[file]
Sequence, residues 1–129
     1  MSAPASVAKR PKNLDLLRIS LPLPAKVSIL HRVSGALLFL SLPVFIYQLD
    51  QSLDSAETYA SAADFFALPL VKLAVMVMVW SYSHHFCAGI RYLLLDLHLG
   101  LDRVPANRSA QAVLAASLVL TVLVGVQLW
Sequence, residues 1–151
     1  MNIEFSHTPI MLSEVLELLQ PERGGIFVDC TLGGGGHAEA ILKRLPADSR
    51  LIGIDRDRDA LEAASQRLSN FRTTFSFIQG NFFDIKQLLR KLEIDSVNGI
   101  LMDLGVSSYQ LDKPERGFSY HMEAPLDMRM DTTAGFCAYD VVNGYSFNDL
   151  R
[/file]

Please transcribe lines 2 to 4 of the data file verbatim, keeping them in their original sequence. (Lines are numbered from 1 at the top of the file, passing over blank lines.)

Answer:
     1  MSAPASVAKR PKNLDLLRIS LPLPAKVSIL HRVSGALLFL SLPVFIYQLD
    51  QSLDSAETYA SAADFFALPL VKLAVMVMVW SYSHHFCAGI RYLLLDLHLG
   101  LDRVPANRSA QAVLAASLVL TVLVGVQLW